In 1877, the celebrated neurologist S. Weir Mitchell published his monograph Fat and Blood: And How to Make Them, describing a “rest cure” for neurasthenia. The plan was simple but drastic: “renewing the vitality of feeble people by a combination of entire rest and of excessive feeding” (1, p. 9). The rest cure was adopted enthusiastically by the medical establishment in the United States and abroad and remained popular into the early 20th century. Even Sigmund Freud claimed to have used “Weir Mitchell’s rest cure” as a part of his psychoanalytic method (2, p. 227).
In 1887, 10 years after writing Fat and Blood and at the peak of his prestige, Weir Mitchell was consulted by Mrs. Stetson, an intense, passionately idealistic 26-year-old artist and writer who was unhappy in her marriage and who had suffered from a profound melancholic depression since the birth of her daughter 3 years before. Mitchell applied the rest cure, apparently with quick success, and sent her home with the advice to “live as domestic a life as possible,” “to have but two hours’ intellectual life a day,” and “never to touch pen, brush or pencil again.” (3, p. 1).
In 1891, Mitchell’s famous cure became infamous, at least among literary circles in the United States. Mrs. Stetson, whom today we know as Charlotte Perkins Gilman, by then separated from her husband, published a short story in New England Magazine called “The Yellow Wallpaper” (4). The story is a first-person account of a woman’s harrowing descent into madness as she undergoes the seclusion and enforced idleness of Weir Mitchell’s cure. Her well-meaning but insensitive husband John, a doctor, treats her with mollycoddling tyranny: “He is very careful and loving and hardly lets me stir without special direction.” He insists on her isolation and idleness while he goes off to work for days and nights at a time. He even threatens her with being sent to Weir Mitchell. “But I don’t want to go there at all. I had a friend who was in his hands once, and she says he is just like John…, only more so!” Alone, increasingly despondent and nervous, confined to an upstairs bedroom all day, she becomes lost in a frightening hallucinatory world constructed around the pattern of the yellow paper on the wall. One day her husband finds her creeping on all fours around the room, now stripped of the hateful wallpaper. The final words of the story are, “Now why should that man have fainted? But he did, and right across my path by the wall, so that I had to creep over him every time!” Just in case Mitchell missed the publication of this damning story, Gilman sent him a copy.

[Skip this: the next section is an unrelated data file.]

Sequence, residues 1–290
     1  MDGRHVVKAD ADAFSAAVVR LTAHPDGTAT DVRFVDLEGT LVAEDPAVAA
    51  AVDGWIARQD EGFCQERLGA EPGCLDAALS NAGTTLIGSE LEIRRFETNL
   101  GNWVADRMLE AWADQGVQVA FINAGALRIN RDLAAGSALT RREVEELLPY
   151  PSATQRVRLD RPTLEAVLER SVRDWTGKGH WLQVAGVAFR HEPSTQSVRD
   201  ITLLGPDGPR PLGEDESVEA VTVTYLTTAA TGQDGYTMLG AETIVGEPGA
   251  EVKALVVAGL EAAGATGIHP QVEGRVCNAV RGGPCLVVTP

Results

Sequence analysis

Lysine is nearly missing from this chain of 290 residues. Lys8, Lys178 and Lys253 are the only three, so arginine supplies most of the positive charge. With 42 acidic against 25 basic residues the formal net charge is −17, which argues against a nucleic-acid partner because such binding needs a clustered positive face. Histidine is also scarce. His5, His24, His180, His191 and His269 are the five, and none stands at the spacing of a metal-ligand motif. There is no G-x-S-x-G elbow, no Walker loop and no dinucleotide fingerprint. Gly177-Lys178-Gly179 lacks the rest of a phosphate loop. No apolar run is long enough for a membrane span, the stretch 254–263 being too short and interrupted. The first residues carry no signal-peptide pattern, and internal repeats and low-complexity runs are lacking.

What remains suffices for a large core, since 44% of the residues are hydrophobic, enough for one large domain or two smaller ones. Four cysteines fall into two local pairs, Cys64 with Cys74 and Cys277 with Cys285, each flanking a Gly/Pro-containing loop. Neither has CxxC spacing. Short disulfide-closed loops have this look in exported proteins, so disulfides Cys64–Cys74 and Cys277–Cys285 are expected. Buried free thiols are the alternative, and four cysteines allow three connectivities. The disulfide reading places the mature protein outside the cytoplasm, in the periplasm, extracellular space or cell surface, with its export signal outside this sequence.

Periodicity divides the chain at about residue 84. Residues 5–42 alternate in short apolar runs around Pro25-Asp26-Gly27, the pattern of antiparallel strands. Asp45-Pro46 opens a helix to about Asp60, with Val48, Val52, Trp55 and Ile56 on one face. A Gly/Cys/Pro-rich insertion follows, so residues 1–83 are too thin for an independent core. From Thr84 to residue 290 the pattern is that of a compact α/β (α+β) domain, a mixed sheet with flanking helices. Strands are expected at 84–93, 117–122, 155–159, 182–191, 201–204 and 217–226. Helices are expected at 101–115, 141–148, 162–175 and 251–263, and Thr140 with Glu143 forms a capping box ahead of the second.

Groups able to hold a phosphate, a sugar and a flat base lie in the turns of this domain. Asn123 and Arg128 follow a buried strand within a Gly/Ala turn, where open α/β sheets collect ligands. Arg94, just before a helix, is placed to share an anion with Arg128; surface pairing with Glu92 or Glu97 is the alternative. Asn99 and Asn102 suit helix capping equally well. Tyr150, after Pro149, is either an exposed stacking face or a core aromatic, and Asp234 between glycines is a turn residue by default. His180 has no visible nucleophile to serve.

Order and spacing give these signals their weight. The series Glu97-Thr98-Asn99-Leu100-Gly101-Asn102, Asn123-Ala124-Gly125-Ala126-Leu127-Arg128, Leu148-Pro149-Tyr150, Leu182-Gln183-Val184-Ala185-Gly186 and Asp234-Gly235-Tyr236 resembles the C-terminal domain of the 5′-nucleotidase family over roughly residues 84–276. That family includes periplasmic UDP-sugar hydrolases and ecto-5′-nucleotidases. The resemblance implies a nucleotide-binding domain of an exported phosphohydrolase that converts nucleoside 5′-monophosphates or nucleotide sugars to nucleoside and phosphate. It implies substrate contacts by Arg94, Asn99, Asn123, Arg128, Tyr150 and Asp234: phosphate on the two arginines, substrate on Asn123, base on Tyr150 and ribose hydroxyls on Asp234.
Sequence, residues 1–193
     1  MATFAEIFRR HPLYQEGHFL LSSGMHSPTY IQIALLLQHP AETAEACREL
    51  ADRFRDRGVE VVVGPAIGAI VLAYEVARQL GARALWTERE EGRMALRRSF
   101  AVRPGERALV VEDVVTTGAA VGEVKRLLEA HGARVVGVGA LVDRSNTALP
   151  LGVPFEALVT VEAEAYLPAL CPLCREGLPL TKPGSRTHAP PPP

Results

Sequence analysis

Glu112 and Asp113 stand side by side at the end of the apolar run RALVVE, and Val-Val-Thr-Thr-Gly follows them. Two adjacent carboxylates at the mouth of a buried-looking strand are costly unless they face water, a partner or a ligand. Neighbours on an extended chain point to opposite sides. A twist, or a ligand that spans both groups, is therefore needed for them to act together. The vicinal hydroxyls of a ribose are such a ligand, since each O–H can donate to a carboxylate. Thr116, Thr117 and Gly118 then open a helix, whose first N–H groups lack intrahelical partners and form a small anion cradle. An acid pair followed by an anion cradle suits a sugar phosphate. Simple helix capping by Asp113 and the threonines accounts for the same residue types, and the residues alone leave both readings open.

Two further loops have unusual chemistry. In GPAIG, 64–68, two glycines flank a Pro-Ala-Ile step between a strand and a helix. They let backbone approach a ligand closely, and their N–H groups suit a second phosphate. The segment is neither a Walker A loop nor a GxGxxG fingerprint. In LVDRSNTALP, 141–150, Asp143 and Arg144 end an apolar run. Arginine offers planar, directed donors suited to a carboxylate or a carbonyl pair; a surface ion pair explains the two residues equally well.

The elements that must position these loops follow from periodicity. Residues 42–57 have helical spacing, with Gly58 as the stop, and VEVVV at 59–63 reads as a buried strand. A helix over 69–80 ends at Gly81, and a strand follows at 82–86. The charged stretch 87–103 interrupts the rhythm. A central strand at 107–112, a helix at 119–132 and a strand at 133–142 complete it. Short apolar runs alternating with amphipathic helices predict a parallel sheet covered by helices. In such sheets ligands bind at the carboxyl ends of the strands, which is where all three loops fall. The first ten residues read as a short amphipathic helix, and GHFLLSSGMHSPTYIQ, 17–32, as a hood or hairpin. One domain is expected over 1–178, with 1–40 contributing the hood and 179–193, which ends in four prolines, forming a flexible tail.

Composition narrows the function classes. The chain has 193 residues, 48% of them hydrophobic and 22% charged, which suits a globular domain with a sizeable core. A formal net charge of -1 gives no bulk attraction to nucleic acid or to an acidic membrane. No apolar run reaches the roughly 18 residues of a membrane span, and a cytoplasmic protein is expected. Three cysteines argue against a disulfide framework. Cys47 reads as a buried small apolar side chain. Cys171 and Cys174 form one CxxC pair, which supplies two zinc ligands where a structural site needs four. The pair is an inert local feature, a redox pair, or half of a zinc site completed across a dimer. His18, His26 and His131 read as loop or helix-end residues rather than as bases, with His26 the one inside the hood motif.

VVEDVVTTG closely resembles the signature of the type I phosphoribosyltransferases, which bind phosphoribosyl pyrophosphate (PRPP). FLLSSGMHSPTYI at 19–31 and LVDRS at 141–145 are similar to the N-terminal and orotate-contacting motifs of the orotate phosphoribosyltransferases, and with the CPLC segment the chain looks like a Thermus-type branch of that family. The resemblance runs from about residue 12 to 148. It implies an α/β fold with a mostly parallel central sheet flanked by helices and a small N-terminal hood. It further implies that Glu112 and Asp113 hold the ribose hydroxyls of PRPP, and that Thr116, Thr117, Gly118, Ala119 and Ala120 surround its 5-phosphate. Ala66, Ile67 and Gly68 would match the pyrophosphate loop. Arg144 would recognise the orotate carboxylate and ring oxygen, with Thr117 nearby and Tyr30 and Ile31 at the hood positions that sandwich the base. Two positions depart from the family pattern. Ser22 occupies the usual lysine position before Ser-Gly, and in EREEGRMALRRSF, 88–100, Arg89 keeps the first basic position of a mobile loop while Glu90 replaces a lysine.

Gilman worked tirelessly as a lecturer and writer for the rest of her life, which she ended by her own hand in 1935, 2 years after being diagnosed with breast cancer. Among her many social causes was euthanasia, perhaps another, final expression of her passionate belief in personal autonomy.